'Although the commerce clause conferred on the national government power to regulate commerce, its possession of the power does not exclude all state power of regulation. * * * it has been recognized that, in the absence of conflicting legislation by Congress, there is a residuum of power in the state to make laws governing matters of local concern which nevertheless in some measure affect interstate commerce or even, to some extent, regulate it. * * * But * * * the states have not been deemed to have authority to impede substantially the free flow of commerce from state to state, * * *.' (Citations omitted.)

Therefore, the question we are faced with is whether application of our workmen's compensation laws would constitute an undue burden on interstate commerce under the facts of this case, in the absence of federal legislation.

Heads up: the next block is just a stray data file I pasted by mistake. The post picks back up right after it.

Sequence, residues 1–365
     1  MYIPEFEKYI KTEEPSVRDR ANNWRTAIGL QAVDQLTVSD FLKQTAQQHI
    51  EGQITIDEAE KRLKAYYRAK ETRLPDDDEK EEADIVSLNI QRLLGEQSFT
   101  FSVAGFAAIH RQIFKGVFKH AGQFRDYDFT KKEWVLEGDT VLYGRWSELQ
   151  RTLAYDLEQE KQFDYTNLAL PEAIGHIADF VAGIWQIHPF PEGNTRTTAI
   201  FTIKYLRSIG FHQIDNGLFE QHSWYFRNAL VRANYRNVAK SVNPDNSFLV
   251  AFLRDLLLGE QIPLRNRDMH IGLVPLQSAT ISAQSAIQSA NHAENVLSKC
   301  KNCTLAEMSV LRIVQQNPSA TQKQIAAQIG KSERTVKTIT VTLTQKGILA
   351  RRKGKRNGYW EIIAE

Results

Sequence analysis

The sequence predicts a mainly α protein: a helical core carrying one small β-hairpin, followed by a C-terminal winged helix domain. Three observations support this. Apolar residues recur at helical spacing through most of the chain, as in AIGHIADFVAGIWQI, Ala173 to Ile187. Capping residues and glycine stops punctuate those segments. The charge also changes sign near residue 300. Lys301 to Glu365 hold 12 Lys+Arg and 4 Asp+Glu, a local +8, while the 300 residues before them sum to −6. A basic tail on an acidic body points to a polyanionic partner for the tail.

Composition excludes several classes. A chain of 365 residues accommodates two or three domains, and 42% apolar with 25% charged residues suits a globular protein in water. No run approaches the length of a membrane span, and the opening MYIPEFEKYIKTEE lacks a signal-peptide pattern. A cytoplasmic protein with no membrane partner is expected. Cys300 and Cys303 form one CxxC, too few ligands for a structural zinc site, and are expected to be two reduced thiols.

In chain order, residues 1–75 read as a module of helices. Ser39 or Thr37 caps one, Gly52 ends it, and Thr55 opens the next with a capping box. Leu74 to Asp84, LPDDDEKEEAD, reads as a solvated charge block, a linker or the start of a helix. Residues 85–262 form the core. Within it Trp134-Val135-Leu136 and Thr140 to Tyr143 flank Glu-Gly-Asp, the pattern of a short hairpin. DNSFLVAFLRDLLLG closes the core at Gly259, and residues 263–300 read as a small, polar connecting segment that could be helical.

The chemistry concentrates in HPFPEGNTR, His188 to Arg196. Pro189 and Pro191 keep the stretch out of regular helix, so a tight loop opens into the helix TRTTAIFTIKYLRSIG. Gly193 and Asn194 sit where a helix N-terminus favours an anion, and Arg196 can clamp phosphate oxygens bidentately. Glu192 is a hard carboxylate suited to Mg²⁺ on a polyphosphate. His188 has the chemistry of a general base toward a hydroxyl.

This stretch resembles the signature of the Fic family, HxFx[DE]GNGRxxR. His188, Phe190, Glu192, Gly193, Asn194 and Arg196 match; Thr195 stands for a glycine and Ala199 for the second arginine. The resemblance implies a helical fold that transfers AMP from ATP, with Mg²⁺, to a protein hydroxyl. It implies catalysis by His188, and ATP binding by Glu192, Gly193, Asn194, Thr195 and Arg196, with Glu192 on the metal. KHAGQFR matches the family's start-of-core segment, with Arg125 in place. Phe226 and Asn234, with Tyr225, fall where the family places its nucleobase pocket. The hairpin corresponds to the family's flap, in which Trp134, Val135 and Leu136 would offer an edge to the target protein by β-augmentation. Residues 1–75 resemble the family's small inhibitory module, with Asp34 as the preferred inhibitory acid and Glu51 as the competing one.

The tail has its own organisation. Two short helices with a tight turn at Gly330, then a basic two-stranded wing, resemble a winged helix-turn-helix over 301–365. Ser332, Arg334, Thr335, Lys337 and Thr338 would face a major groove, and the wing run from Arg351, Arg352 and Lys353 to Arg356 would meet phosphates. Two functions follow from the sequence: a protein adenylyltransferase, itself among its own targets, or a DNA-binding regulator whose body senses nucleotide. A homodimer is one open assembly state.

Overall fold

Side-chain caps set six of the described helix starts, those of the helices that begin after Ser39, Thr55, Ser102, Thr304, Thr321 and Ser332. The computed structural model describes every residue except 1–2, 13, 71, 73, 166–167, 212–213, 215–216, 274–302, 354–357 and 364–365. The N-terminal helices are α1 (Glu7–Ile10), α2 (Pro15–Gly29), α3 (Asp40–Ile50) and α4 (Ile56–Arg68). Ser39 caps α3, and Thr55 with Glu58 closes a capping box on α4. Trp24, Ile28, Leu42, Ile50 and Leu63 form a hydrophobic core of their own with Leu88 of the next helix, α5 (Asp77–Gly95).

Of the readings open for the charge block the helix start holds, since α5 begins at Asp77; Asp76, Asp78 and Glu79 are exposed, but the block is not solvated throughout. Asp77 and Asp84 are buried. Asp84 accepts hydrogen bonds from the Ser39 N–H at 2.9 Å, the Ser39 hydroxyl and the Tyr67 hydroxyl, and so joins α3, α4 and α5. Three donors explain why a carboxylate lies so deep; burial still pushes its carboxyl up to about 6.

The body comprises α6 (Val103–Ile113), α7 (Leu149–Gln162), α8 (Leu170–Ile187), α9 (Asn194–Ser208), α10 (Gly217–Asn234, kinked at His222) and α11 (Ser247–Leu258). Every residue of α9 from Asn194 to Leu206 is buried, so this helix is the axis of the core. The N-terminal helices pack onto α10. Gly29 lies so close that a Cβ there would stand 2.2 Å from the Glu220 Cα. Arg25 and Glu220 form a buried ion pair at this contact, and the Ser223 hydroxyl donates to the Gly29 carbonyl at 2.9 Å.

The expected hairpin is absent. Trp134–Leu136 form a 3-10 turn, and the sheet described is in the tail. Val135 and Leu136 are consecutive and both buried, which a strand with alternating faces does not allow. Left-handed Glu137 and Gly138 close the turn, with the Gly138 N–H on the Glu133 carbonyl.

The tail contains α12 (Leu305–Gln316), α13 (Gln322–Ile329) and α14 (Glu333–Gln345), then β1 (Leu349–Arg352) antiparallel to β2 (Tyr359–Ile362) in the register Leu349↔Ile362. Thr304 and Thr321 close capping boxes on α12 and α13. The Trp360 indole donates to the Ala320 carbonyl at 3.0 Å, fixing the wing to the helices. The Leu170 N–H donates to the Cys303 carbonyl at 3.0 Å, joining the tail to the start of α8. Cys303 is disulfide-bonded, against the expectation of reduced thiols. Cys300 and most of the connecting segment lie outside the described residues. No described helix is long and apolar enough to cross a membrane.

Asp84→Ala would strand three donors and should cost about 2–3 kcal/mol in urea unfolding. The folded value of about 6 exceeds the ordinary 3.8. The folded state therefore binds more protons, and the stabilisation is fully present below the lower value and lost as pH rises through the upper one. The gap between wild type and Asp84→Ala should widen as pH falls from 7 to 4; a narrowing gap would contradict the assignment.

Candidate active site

In the Watson case we held that exacting double premiums, under the facts there, would be an undue burden. The case at bar involves a claim for compensation rather than a suit to obtain insurance premiums, and the possibility that double compensation would result from an award in this and another state is highly improbable. Under the doctrine of Magnolia Petroleum Co. v. Hunt, 1943, 320 U.S. 430, 64 S.Ct. 208, 88 L.Ed. 149, 150 A.L.R. 413, the prior award would be res judicata between the parties and entitled to full faith and credit, and under the modifying opinion of the subsequent case of Industrial Commission of Wasconsin v. McCartin, 1947, 330 U.S. 622, 67 S.Ct. 886, 91 L.Ed. 1140, 169 A.L.R. 1179, a first award would be credited to the second and result in only one total compensation. Yet while duplicate compensation is not threat, can jurisdiction to establish liability under our laws be reconciled with our holding in the Watson case? Premium payments, under our laws, are for the purpose of insuring against possible liability under our laws. If no jurisdiction exists upon which the Arizona Industrial Commission can lawfully exact premiums, does that necessarily imply that we are without jurisdiction to establish liability on the same set of facts? We fail to see how the rules may differ.